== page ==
[Show abstract] [Hide abstract]
    ABSTRACT: SUMMARY We have come a long way in the 55 years since Edmond Fischer and the late Edwin Krebs discovered that the activity of glycogen phosphorylase is regulated by reversible protein phosphorylation. Many of the fundamental molecular mechanisms that operate in biological signaling have since been characterized and the vast web of interconnected pathways that make up the cellular signaling network has been mapped in considerable detail. Nonetheless, it is important to consider how fast this field is still moving and the issues at the current boundaries of our understanding. One must also appreciate what experimental strategies have allowed us to attain our present level of knowledge. We summarize here some key issues (both conceptual and methodological), raise unresolved questions, discuss potential pitfalls, and highlight areas in which our understanding is still rudimentary. We hope these wide-ranging ruminations will be useful to investigators who carry studies of signal transduction forward during the rest of the 21st century.
    Cold Spring Harbor perspectives in biology 10/2014; 6(12). DOI:10.1101/cshperspect.a022913 · 8.68 Impact Factor
  • Source
    • "Recently, Kristan and colleagues developed a new type of fast VSD that combines the best properties of electrochromic and FRET dyes (Miller et al. 2012). This new fluorescent dye uses a process known as photon-induced electron transfer, and has been shown capable of resolving action potentials in both rat hippocampal neurons and leech neurons (Miller et al. 2012). "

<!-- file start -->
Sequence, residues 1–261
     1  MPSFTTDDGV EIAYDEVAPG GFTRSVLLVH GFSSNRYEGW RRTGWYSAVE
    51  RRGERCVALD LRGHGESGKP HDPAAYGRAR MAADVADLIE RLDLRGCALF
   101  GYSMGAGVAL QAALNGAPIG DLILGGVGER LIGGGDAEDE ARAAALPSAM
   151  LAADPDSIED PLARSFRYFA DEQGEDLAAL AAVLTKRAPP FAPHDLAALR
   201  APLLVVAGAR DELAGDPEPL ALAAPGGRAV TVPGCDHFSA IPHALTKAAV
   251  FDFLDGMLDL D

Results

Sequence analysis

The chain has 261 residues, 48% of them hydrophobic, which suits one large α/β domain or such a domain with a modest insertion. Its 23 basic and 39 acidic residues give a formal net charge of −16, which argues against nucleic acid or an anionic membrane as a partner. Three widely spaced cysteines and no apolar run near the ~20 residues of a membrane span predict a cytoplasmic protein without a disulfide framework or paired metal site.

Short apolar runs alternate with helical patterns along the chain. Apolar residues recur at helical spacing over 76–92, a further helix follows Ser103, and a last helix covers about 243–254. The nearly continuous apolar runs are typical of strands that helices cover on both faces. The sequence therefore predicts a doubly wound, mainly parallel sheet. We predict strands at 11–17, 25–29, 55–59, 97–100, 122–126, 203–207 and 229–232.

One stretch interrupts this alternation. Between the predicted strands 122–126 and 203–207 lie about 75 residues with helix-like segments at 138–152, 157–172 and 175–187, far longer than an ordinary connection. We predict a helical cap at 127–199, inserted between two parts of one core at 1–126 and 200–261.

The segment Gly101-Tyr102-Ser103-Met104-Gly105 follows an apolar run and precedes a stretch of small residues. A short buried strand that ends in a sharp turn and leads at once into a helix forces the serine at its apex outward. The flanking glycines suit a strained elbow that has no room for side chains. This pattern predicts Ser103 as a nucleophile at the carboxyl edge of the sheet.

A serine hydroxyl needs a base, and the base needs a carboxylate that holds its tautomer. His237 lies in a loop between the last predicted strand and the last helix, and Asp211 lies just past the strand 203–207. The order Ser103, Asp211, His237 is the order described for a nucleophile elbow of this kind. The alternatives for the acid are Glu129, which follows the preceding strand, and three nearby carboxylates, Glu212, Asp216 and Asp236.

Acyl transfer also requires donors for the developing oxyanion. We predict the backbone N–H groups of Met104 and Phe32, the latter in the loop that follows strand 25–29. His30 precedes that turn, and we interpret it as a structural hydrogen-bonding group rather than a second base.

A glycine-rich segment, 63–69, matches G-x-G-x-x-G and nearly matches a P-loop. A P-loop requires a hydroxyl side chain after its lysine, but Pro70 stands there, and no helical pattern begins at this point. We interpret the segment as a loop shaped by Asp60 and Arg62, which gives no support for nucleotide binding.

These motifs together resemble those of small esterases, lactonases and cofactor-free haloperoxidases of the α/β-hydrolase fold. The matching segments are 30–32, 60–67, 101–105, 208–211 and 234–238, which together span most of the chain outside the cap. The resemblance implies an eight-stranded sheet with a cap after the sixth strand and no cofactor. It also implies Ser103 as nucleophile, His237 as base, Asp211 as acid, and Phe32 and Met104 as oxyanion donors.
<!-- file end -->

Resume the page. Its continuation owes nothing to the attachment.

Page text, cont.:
[Show abstract] [Hide abstract]
    ABSTRACT: Voltage-sensitive dye (VSD) imaging is a powerful technique that can provide, in single experiments, a large-scale view of network activity unobtainable with traditional sharp electrode recording methods. Here we review recent work using VSDs to study small networks and highlight several results from this approach. Topics covered include circuit mapping, network multifunctionality, the network basis of decision making, and the presence of variably participating neurons in networks. Analytical tools being developed and applied to large-scale VSD imaging data sets are discussed, and the future prospects for this exciting field are considered.
    Learning & memory (Cold Spring Harbor, N.Y.) 09/2014; 21(10):499-505. DOI:10.1101/lm.035964.114 · 3.66 Impact Factor
Show more